66.7 F
Los Angeles
Thursday, Feb 2, 2023

“Colorblind” Privacy Plan Distorts Real California

‘Colorblind’ Privacy Plan Distorts Real California


Ward Connerly again.

The notorious University of California regent is back in the headlines. For those who don’t know, Connerly is the black and he would probably disavow that characterization activist who spearheaded the successful 1996 drive to end affirmative action in Golden State government and universities.

Connerly’s latest crusade is the so-called Racial Privacy Initiative, which, if approved by voters, would prohibit the state from collecting most forms of racial data on its citizens. Connerly missed a deadline to get the initiative on this year’s ballot, so California voters won’t decide the issue until 2004. Expect plenty of fireworks between now and then.

As well there should be. Connerly’s latest project is, in some ways, more far-reaching and dangerous than its predecessor. Nor does it take much cogitating to understand why.

California is, by a wide margin, the most populous state in the union. Of 284 million Americans, 12 percent , 34 million , call the state home. Removing California from the mix irreparably compromises any attempt to paint a statistical picture of the United States. If you don’t understand California, you cannot understand America.

Yet that’s precisely what Connerly’s initiative would accomplish. Under this law, it would be difficult, if not impossible, to have an informed discussion of the impact of race on migration, education, labor, criminal justice, politics, poverty, home buying, loan seeking, entrepreneurship, unwed motherhood … the list goes on. Is the police department engaged in racial profiling? Are black kids showing improvement in the classroom? Are whites fleeing the state? From the corner diner to the newsroom to the university to the statehouse, it will be harder to have those discussions, harder to quantify perceptions with numbers. Because the numbers will no longer exist.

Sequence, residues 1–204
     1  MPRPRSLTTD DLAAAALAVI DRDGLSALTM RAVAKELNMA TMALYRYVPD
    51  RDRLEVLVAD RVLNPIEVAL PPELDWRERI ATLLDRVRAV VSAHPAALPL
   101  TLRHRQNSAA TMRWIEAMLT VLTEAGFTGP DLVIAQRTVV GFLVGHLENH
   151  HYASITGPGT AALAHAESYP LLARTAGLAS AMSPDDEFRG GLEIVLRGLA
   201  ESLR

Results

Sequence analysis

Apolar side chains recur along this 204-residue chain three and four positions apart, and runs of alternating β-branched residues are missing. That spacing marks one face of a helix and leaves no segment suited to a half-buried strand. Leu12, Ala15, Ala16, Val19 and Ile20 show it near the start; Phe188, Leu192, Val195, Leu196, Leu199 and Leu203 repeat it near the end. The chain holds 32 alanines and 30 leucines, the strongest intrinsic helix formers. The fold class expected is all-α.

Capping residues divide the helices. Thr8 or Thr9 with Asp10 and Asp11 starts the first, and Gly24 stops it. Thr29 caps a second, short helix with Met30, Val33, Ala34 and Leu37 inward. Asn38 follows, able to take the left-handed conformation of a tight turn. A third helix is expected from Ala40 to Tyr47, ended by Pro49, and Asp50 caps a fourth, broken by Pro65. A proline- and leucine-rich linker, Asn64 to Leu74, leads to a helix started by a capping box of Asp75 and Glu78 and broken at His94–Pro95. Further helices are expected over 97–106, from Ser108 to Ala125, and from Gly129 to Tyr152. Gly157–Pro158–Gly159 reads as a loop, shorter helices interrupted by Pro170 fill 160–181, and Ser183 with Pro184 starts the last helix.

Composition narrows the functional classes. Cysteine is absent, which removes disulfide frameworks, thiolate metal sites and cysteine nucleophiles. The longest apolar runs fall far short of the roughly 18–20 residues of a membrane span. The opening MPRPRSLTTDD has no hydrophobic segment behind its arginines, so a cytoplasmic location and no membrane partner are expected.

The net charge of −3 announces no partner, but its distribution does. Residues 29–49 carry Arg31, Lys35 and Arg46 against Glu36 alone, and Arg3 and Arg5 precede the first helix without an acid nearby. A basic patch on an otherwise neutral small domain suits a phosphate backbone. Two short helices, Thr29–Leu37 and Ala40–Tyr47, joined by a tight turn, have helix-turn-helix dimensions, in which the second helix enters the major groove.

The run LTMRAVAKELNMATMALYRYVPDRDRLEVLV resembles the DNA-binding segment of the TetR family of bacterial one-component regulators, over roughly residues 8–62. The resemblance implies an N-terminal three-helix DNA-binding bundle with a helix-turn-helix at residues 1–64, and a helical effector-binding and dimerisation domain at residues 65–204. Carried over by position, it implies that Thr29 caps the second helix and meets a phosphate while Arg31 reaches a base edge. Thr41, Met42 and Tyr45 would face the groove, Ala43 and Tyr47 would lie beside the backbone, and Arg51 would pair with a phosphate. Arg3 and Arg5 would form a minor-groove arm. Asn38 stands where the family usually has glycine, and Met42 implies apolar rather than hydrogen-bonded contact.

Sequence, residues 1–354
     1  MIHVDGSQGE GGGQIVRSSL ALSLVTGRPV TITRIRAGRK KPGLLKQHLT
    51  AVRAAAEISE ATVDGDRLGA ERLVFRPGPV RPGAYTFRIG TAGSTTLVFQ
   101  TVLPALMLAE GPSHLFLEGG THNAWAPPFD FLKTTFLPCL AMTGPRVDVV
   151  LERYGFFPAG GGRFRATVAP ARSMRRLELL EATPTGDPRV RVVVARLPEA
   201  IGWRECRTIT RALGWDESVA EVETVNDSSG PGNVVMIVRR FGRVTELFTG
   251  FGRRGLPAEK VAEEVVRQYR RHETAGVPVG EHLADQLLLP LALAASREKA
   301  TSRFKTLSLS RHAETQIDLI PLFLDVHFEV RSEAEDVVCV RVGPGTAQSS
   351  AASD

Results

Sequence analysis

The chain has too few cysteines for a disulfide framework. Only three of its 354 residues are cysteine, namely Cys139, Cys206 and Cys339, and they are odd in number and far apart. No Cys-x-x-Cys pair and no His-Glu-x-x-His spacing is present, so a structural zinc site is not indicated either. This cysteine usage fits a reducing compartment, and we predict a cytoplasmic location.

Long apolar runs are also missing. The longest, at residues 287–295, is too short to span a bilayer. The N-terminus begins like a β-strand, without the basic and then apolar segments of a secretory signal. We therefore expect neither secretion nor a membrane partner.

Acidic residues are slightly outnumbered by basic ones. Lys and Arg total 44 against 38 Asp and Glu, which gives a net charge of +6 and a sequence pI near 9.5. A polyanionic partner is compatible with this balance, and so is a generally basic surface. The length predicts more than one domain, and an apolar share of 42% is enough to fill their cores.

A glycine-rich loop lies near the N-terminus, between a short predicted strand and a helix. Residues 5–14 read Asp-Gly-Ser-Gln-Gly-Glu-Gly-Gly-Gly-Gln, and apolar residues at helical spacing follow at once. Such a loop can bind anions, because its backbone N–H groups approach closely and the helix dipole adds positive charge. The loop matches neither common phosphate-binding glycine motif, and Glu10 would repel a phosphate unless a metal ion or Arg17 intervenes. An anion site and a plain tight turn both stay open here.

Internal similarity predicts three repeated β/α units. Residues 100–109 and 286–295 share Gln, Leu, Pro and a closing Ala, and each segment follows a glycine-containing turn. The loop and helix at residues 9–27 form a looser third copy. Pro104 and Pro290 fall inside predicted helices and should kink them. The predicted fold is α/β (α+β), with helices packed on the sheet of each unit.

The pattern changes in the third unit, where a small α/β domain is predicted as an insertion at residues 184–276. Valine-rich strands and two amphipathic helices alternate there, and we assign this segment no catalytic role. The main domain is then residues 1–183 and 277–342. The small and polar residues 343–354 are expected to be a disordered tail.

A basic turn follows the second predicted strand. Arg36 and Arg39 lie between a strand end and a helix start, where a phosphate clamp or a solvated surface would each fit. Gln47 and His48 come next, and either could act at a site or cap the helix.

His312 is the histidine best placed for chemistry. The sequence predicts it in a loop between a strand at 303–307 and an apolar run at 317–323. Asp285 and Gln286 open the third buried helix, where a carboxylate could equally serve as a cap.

Why, you may wonder, does Connerly consider this a good thing? Because he thinks it will help produce a colorblind America.

A colorblind America is high on the wish list of many conservatives right up there with two guns in every nightstand and a prayer in every classroom. They bemoan the scourge of hyphenated Americanism and wax eloquent on how much better off we’d be if we were all just Americans, period. If we no longer saw or acknowledged differences in race and culture.

I share their concern over the balkanization of the country. But their frequently proposed solution to that problem that we ignore difference is naive at best. It is also faintly insulting.

I speak from experience, having too frequently encountered white people who wanted me to know they didn’t “see” me as black. Intending a compliment, I suppose. Or maybe a promotion. And each time, I wondered the same thing: Why is my heritage something you have to blind yourself to in order for us to have a relationship? Why do you have to pretend I’m not what I quite obviously am before I can earn your good will? If that’s the case, maybe your will isn’t as good as you think it is.

Shall I pretend Jerry Seinfeld isn’t Jewish? Or that Halle Berry isn’t a woman? Makes about as much sense.

So-called colorblindness is neither possible nor even desirable. One of the great joys of life in this nation is the fact that its culture is actually the rich admixture of many cultures. Why should I ignore that?

Better, I think, to celebrate it. And to treat representatives of those cultures with fairness, equality and compassion. It really is as simple as that.

Or at least, it should be. Instead, Ward Connerly offers this shoddy attempt at social engineering. And it scares me, because I know it will likely prove attractive to those who see it as a way to end American balkanization with a single stroke. It is not. Rather, it’s an attempt to enforce by law something that has never been true in fact. Meaning, the belief that race doesn’t matter.

Leonard Pitts is a columnist for the Miami Herald.


Featured Articles


Related Articles